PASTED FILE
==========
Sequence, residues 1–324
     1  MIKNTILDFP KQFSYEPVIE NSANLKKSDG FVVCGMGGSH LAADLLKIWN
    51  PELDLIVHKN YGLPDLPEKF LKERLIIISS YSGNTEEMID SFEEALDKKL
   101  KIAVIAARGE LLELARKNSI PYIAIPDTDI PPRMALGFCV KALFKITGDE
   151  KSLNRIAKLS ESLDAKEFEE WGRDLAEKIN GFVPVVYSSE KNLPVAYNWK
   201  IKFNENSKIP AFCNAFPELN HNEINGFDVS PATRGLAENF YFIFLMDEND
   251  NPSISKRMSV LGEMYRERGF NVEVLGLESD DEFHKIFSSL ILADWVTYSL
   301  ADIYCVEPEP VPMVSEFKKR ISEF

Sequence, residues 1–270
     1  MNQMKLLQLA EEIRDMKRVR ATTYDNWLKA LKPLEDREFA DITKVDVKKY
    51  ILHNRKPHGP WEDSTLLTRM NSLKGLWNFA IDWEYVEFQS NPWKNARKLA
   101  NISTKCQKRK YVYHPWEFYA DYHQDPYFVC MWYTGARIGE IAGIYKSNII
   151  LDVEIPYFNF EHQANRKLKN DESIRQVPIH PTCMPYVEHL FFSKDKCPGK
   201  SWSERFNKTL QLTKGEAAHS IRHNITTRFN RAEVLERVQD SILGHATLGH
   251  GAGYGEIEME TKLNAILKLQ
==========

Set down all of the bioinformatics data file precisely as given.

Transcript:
Sequence, residues 1–324
     1  MIKNTILDFP KQFSYEPVIE NSANLKKSDG FVVCGMGGSH LAADLLKIWN
    51  PELDLIVHKN YGLPDLPEKF LKERLIIISS YSGNTEEMID SFEEALDKKL
   101  KIAVIAARGE LLELARKNSI PYIAIPDTDI PPRMALGFCV KALFKITGDE
   151  KSLNRIAKLS ESLDAKEFEE WGRDLAEKIN GFVPVVYSSE KNLPVAYNWK
   201  IKFNENSKIP AFCNAFPELN HNEINGFDVS PATRGLAENF YFIFLMDEND
   251  NPSISKRMSV LGEMYRERGF NVEVLGLESD DEFHKIFSSL ILADWVTYSL
   301  ADIYCVEPEP VPMVSEFKKR ISEF

Sequence, residues 1–270
     1  MNQMKLLQLA EEIRDMKRVR ATTYDNWLKA LKPLEDREFA DITKVDVKKY
    51  ILHNRKPHGP WEDSTLLTRM NSLKGLWNFA IDWEYVEFQS NPWKNARKLA
   101  NISTKCQKRK YVYHPWEFYA DYHQDPYFVC MWYTGARIGE IAGIYKSNII
   151  LDVEIPYFNF EHQANRKLKN DESIRQVPIH PTCMPYVEHL FFSKDKCPGK
   201  SWSERFNKTL QLTKGEAAHS IRHNITTRFN RAEVLERVQD SILGHATLGH
   251  GAGYGEIEME TKLNAILKLQ